Mark Carkner and Colton Orr went toe-to-toe in a fight that lacked finish — except for Orr’s fingers.
As the Maple Leafs tough guy left the ice Saturday night at Scotiabank Place, he waved three fingers in the air, claiming his third victory in four fights vs. Carkner this season.
A victory without a knockout punch.
“He was probably celebrating because he had three shifts in the game or something,” said Carkner.
Orr sought out Carkner for Round 4, but there weren’t many punches thrown or landed. Orr had Carkner tied up while the two danced near the boards. Orr landed a few before taking Carkner to the ice with 1:55 left in the first.
“(It was) heat of the moment,” Orr said of his salute to the crowd. “It was a hard-fought game and a lot of our fans were here.”
Carkner was looking to even the score after being KO’d the last time in Toronto.
“Am I looking for it? What do you think? I’ll just let everyone guess,” Carkner said before the game. “You never know. I always say that every game is a different game and some games I expect that and it doesn’t happen. You never know.”
Don Cherry wasn’t impressed with Orr’s antics.
“Is there no honour in this game?” Cherry asked on Coach’s Corner. “He goes off the ice holding three fingers?”
The bout of illness plaguing the Senators’ dressing room rekindled memories of the “The Flu Bowl” between the Battle of Ontario rivals six years ago. Also short-handed on Feb. 5, 2004, the Senators pulled out to a 4-0 lead, only to lose 5-4 in OT. Adding insult to illness was Leaf Owen Nolan, who scored the winner, then when told half the Senators were sick, responded with “Boo hoo.” Senators C Chris Kelly remembers that night vividly.It was his NHL debut after being called up from Binghamton. “(The bench) was thin. It wasn’t thin to start, but guys seemed to leave,” he said. “It was just one of those crazy games. I expected to play a few minutes that night and ended up playing about 15 minutes. I guess you could say it was my welcome to the NHL.”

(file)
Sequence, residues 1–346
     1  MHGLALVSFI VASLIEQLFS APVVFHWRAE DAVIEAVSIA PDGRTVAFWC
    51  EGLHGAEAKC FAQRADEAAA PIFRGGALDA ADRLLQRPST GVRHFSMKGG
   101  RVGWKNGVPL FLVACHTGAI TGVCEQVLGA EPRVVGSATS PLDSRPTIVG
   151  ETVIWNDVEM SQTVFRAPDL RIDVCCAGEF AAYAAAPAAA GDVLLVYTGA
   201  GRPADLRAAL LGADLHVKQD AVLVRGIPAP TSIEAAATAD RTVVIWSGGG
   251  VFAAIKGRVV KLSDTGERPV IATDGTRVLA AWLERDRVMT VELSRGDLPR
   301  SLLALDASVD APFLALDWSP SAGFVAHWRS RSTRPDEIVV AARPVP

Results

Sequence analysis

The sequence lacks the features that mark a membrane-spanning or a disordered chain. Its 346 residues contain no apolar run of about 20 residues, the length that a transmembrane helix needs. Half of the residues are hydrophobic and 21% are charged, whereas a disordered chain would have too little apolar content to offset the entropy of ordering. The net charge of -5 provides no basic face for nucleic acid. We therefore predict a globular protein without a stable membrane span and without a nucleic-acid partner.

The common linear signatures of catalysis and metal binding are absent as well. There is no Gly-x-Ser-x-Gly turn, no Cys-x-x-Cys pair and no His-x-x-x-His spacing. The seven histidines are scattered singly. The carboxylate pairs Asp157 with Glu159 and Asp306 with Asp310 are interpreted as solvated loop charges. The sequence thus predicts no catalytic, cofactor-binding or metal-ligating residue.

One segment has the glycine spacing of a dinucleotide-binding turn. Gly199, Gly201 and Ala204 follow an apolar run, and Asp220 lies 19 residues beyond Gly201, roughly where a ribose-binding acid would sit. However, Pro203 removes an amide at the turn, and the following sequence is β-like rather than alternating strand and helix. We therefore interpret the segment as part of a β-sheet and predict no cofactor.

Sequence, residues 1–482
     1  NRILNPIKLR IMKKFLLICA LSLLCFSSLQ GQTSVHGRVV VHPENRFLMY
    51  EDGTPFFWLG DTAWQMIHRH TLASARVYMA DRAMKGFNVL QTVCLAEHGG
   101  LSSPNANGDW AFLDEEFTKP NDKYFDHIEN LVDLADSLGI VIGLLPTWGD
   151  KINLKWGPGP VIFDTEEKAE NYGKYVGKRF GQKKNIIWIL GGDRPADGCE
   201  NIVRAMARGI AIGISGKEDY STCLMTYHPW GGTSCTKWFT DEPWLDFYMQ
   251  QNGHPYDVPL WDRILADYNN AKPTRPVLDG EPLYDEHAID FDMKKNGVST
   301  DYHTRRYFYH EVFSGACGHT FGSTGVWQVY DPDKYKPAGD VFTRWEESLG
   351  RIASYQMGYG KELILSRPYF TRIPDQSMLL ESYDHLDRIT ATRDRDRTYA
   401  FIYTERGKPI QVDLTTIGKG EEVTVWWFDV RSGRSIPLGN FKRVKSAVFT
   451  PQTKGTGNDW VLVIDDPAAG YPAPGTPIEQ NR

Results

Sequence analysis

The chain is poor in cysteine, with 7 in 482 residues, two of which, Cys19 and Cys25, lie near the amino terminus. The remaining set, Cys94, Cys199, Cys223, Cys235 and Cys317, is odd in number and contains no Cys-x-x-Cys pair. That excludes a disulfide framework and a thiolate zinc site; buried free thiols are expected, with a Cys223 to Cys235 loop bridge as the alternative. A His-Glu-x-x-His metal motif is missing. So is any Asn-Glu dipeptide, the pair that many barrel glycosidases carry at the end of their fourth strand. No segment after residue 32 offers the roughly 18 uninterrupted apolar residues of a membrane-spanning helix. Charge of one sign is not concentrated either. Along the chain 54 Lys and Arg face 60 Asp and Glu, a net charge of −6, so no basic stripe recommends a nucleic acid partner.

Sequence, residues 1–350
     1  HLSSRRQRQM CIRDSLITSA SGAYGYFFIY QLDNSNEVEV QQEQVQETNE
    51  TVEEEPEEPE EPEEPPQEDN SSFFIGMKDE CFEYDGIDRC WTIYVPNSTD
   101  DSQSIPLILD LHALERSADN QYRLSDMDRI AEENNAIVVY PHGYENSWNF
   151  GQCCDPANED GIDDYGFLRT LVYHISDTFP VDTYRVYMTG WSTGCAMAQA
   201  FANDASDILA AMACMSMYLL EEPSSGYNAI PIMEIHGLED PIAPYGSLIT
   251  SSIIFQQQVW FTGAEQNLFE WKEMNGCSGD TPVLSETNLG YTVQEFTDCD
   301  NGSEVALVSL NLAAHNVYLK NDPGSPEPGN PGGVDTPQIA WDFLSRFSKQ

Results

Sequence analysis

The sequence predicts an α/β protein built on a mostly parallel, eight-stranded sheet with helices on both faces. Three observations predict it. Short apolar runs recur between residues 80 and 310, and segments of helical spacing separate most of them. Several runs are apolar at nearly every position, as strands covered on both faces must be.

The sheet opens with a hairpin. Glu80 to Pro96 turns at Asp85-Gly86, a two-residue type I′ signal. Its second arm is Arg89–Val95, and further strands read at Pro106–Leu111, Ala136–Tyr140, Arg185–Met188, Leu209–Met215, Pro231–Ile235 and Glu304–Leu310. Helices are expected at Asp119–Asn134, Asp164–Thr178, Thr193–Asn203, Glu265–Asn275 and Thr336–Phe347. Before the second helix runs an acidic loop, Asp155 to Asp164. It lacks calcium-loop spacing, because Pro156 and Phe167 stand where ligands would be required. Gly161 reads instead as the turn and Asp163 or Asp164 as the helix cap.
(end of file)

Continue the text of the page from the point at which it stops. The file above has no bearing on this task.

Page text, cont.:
Andy Sutton was excited about his first Battle. “It doesn’t get any more exciting than this, especially growing up a Leaf fan and now I’m a Senator,” said the Kingston native, who was acquired from the Islanders at the trade deadline. “If there wasn’t any emotion before, there’s more now. It’s going to be awesome.” Sutton said he was going to have to get his family to switch allegiances. “I don’t know if I’ll ever get my dad (Nigel) to switch, I think his blood is blue,” Sutton said with a laugh. C Matt Cullen, acquired from the Hurricanes, was given a head’s up from his teammates on what to expect. “They tell me it can be a little like playing a road game (with all the Leafs fans in the stands).” It was funny to watch Dion Phaneuf bounce off Sutton in the first and fall to the ice when he was trying to send a message.
This ’n’ that
Leafs D Tomas Kaberle will be moved before the draft. He submitted a list of three teams — possibly the Rangers, Bruins and Flyers — where he’d be willing to go on deadline day. Kaberle would rather not play in the Western Conference ... Lots of bathroom humour because of the flu bug. Recalling the game against Leafs in 2004, D Chris Phillips didn’t miss a beat. “There were guys, under normal circumstances, who wouldn’t have been in the lineup, but they were almost forced to play. We just ran out of gas, pardon the pun.” ... A sign the Senators were short-handed: Their power-play goal was Chris Neil from Phillips and Jason Spezza.
Around the boards
Called up in the afternoon, C Zack Smith was with the club’s AHL affiliate in Glens Falls, N.Y., and entered the game in the first period ... For those who circled April 3 for Daniel Alfredsson’s 1,000th game, that date is going to have to be changed. He was scratched with the flu and is now scheduled to complete the feat on April 6 vs. Florida.
The last word
The Senators invited gold-medal ice dancers Tessa Virtue and Scott Moir, along with three-time gold medallist Jennifer Botterill, to drop the puck. There was a huge, loud well-deserved standing ovation.